Benjamin Lawsky, Superintendent of the New York Department of Financial Services (the “Department”), sent a letter [PDF] to the National Association of Insurance Commissioners (“NAIC”) last week criticizing the NAIC’s plan to move forward with implementing the principles based reserving approach (“PBR Approach”) for life insurers. Specifically, Superintendent Lawsky stated that the NAIC’s implementation of the PBR Approach “represents a potent cocktail that could put policyholders and taxpayers at significant risk.” Superintendent Lawsky indicated that New York will allow the regulation setting forth the PBR Approach to expire on September 13, 2013. New York will revert to using a formula-based approach for the calculation of life insurance reserves. Since many insurers have separate New York life insurers, Superintendent Lawsky’s decision may not impact life insurers not licensed in New York.
The PBR Approach was developed by the NAIC after states discovered that many life insurers had not maintained sufficient reserves for their universal life with secondary guarantee products (“ULSG Products”). Insurance regulators expected that the PBR Approach would raise reserves for ULSG Products by $10 billion. Under the NAIC rule adopted in June of 2013, life insurers will use internal models to set reserves instead of following more formulaic statutory requirements. Current supporters of the PBR Approach believe the method reduces redundant reserves required to be held under the formulaic approach, leading to lower life insurance product prices and increased flexibility for life insurers. Capital Market participants, including hedge funds, investment and commercial banks, as well as pension funds, are also keenly interested in this continuing debate as they have historically been investors and solution providers of securities linked to life insurance reserves.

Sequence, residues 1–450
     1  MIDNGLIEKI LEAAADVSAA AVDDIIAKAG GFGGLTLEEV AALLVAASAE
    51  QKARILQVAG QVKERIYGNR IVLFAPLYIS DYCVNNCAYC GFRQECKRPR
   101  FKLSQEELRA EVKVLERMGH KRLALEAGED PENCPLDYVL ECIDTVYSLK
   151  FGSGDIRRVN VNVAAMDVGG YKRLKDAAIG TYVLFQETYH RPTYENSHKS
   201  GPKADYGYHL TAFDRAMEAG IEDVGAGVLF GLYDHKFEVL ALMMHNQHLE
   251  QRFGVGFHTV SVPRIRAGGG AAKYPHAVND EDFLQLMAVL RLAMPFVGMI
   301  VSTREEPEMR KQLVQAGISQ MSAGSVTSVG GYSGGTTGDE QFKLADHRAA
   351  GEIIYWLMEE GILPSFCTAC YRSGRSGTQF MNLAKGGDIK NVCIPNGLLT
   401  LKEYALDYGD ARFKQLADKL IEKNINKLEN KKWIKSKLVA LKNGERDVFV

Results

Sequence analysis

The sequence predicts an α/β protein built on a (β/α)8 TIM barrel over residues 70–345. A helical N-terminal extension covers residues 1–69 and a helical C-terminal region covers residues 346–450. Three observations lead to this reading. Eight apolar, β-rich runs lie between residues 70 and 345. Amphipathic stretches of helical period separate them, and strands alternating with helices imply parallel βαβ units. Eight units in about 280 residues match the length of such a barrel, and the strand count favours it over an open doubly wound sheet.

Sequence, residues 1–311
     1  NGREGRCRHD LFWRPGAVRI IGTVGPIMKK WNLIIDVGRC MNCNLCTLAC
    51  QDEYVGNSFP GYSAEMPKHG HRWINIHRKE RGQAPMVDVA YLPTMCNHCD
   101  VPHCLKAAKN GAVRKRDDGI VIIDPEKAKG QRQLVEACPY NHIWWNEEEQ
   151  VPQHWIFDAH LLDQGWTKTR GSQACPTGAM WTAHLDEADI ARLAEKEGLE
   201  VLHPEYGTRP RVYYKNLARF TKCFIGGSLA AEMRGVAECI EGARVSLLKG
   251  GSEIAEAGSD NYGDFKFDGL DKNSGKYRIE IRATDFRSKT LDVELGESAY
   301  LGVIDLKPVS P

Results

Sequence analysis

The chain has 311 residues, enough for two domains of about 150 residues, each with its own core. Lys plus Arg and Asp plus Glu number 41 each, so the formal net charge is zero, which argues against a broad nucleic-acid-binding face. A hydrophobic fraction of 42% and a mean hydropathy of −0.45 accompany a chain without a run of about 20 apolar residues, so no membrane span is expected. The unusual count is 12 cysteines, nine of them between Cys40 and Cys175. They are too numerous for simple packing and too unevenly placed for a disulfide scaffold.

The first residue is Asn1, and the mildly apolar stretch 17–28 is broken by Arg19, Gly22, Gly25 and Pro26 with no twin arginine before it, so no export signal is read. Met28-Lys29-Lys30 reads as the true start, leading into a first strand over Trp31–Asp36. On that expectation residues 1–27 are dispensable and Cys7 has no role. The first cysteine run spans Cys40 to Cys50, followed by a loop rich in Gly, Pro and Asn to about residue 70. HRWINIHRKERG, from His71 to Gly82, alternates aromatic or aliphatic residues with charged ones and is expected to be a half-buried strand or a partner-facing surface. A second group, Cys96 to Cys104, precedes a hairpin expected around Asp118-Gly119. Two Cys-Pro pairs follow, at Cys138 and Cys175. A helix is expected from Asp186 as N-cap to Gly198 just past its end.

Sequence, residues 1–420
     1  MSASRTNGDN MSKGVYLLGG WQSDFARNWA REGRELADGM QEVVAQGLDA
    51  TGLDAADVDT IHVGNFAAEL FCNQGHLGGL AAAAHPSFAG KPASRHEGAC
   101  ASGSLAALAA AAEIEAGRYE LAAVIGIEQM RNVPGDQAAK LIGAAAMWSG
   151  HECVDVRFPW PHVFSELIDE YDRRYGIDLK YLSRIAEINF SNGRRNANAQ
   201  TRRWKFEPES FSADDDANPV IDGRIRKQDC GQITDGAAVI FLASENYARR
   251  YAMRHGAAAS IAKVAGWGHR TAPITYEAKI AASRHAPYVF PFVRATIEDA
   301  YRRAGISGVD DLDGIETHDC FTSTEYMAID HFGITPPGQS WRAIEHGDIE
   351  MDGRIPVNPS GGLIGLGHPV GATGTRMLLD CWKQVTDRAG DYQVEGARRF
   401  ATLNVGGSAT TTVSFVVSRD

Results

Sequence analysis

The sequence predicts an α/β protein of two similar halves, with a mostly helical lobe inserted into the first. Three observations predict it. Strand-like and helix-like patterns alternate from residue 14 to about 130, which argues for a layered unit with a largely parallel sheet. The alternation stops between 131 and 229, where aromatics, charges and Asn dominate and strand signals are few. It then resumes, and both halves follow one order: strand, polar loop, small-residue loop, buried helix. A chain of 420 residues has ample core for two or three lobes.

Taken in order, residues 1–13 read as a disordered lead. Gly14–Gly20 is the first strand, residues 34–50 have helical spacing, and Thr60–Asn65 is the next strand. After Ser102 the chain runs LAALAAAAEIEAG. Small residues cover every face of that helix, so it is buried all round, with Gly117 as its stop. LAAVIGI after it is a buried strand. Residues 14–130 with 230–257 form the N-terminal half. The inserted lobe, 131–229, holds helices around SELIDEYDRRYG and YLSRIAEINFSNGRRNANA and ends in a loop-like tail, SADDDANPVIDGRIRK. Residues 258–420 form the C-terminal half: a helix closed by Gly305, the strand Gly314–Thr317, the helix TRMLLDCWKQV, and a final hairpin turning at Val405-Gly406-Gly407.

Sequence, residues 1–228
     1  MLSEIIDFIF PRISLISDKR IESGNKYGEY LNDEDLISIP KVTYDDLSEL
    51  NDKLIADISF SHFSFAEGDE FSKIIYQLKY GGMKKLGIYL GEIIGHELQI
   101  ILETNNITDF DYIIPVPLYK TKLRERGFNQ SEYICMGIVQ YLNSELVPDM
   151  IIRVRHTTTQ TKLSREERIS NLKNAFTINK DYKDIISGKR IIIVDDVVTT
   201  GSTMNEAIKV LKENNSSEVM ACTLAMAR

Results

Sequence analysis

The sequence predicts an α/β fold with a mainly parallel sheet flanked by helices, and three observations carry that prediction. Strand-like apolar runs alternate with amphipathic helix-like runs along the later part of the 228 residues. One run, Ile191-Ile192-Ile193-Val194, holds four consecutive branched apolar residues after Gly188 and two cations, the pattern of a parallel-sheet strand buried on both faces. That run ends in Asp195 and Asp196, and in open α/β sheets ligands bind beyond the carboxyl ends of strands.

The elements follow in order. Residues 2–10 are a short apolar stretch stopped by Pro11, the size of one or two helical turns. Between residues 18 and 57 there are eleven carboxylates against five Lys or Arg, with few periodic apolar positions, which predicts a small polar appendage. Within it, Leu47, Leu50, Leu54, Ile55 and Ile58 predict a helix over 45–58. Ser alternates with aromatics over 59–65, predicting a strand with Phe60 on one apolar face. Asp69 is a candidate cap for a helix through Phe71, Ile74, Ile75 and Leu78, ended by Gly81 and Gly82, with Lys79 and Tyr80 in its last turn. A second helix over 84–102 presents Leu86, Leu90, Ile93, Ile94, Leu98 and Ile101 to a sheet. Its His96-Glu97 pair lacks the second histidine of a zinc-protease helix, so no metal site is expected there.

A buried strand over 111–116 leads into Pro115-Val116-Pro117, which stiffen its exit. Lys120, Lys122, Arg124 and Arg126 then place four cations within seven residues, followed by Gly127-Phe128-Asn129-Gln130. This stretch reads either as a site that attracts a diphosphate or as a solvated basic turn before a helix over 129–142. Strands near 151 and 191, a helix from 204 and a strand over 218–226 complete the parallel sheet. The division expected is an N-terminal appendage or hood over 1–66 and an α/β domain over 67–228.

Superintendent Lawsky has been a critic of the PBR Approach stating that it allows insurers excessive leeway. In June, Superintendent Lawsky called on the NAIC to pass a national moratorium on the PBR Approach after an investigation conducted by the New York Department of Financial Services uncovered $48 billion in allegedly dubious transactions where life insurers used the PBR Approach to reduce its reserve requirements. In the letter, Superintendent Lawsky states that the implementation will water down reserve and capital standards putting the insurance industry and consumers at risk.
Following receipt of Superintendent Lawsky’s letter, Jim Donelon, president of the NAIC and Louisiana's insurance commissioner, did not indicate delaying plans for the implementation of the PBR Approach, but stated that New York’s input would be considered. Commissioner Donelon stated, “Preliminary results of this process have not identified any improper reserve activity . . . State insurance regulators will continue their diligent work in developing the critical building blocks that will support an effective [PBR] system for the life insurance industry.”